There is nothing more mortifying when you make an embarrassing mistake, especially so when it’s a well-known Labour Member of Parliament on the other end of the line. This was a few years ago, so I have tried to recall the conversations of the time, but as you imagine I can’t remember dialogue 100% but I have tried to make a good representation of how the conversation went down. As much as this is a small anecdote about a screw-up, it’s a good description of how telephone lines work from within a constituency office.
The date was around 2012 when I was working as a parliamentary assistant for Hazel Blears, and on this particular day I was manning the phones in the constituency office. Now the context to this was, the main phone line was often used by constituents for case work related issues. A secondary line, not open to the public, was often used for other MPs or delegates. Some days you could pick up the public phone and immediately be met by a barrage of abuse for five-minutes before even being able to say a single word. Sometimes you would pick up the phone to somebody crying for help. In one instance I picked up the phone to a Lord, who demanded he spoke immediately to my boss. I remember rushing onto Google while entertaining him with small talk to find out the validity of his claim. It turned out he had paid for the privilege of his title from the internet. The range of calls was spectacular, and every time you picked up the phone, it was a new and exciting surprise to who you would talk to next.
On this particular day, I had been on the phones while working on some case work and research. The majority of the calls had been nothing out of the ordinary: potholes, benefits, immigration issues, and campaign lobbying. Moments before the call in question I had dealt with an extremely irate constituent over an issue I cannot recall. It shouldn’t happen, but sometimes someone shouting at you down a telephone line for an issue you can’t help with puts you in a terrible mood and takes you away from your ‘A-game’. Moments after that call had finished, the distinctive ring returned, I picked up the phone once again, and was met by the voice of a woman, with a Liverpudlian accent, a rarity from the usual Salfordian accent commonly at the end of the line.
Me: “Hello, This is the Office of Hazel Blears MP, how can I help you?”
Woman: “Hello, can I speak with Hazel Blears?”
This is something we heard a lot, and rightly so, people often wish to talk directly to their MP or simply did not understand that MP’s are not one-person bands and in reality they had a team supporting their role as a representative. However, as anyone who has worked in a political office before will understand, MPs are extremely busy and it’s a rarity they are at their desks to take calls.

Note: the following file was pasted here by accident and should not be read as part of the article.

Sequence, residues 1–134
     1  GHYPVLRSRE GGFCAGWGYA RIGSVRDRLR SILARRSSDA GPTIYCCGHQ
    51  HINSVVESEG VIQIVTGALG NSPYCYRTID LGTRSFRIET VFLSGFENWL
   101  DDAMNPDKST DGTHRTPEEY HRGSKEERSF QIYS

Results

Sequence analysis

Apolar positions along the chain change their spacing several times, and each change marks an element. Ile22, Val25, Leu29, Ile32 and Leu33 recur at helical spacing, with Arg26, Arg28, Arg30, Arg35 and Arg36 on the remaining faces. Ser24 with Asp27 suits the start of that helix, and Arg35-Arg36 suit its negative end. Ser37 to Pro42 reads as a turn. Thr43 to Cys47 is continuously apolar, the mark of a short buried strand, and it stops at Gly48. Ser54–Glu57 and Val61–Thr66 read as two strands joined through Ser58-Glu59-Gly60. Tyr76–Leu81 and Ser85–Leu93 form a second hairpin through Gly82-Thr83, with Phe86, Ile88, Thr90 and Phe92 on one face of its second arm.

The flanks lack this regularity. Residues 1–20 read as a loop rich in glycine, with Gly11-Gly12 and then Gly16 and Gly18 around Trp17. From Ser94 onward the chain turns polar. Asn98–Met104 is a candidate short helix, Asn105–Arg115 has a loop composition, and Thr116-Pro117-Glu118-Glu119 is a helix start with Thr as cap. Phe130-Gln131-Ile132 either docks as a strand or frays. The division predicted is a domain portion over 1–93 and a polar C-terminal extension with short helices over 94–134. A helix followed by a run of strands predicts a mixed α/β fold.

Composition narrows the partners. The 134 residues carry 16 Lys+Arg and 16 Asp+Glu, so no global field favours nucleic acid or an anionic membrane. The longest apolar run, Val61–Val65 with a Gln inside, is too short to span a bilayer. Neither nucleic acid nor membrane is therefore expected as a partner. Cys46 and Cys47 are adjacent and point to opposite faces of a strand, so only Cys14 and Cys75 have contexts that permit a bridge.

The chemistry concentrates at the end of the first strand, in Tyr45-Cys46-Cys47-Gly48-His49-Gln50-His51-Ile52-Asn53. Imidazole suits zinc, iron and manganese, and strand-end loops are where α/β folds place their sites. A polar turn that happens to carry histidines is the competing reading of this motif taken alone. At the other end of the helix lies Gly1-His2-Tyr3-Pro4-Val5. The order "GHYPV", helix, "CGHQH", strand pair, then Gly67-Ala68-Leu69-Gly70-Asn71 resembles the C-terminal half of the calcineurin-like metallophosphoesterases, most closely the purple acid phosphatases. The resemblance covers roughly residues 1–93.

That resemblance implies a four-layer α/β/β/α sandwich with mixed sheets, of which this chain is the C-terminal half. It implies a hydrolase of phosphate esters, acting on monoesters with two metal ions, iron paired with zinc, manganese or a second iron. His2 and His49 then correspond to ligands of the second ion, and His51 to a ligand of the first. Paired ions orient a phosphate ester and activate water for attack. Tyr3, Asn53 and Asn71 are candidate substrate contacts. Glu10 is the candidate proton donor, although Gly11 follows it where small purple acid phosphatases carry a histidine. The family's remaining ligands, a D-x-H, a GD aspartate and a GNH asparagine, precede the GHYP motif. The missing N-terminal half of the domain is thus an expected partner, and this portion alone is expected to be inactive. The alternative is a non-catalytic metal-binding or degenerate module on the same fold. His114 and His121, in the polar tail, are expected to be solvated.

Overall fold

The tactic into how you deal with these calls is fairly basic. Firstly you insure they are actual constituents. As a large majority of calls were people phoning from outside the constituency, and the normal response is to help them understand why you can’t personally help them and why another office can. Then you would forward the person on to the right MPs office. Secondly you find out if they are calling about an issue you can personally deal with. After all it’s why I was there. Thirdly, if it’s something that you feel would be better dealt with through a letter, for example a policy issue, you take their query over the phone, and forward the details on to the boss who’d normally send a lettered reply. It was very rare a call from the public line would actually need to be passed directly to the boss, even if she was at her desk. If someone who was calling needed to talk to Hazel with immediacy they would normally be calling the private line.
Me: “Can I ask to the nature of your call?”
Alison: “it’s Alison McGovern here, can I speak with Hazel?”*
“Ahh yes” my internal monologue should have said, picking up who exactly this person is. But nope, my idiot brain did not make the connection and decided it was one of “those” constituents. The type I would receive often, who expect you to know exactly who they are, never-mind the fact I could be taking anywhere up-to 30 calls a day lasting 5 to 20 minutes every day, and dealing with even more through mass campaign emails, letters, or people coming into the office.
Me: “who? I’m sorry we deal with a large number of cases and….”
Alison: “….MP for Wirral South”
Internal monologue: “I’m a complete idiot.”
Yes, this is a small slip and things like this happen. But I prided myself on remaining professional and knowledgeable on all outward facing conversations. A screw up like this was a big deal for me. As a parliamentary assistant, any mistake I make would look bad on my boss. And it was a bigger deal considering it was another political representative on the line… you know… people who demand a bit more respect on the telephone than asking “who?”.
Me: “I do apologize, I will see if Hazel is available.”
At the time the boss wasn’t in the office, but I had to double check anyway. I ended up communicating this back to Alison who thanked me and said she would try another time or her mobile. Overall I don’t think I have felt that much of an idiot in such a short space of time. I don’t cringe thinking about this, luckily it’s one of them things I have learned to laugh about.
There is no real moral to the story other than constituents are human, parliamentary assistants are human, and MPs are human. And for that reason, you should learn to have a good laugh when you cock up.
* The conversation went something like that, and she was certainly not at all short. In fact she was extremely friendly from what I recall!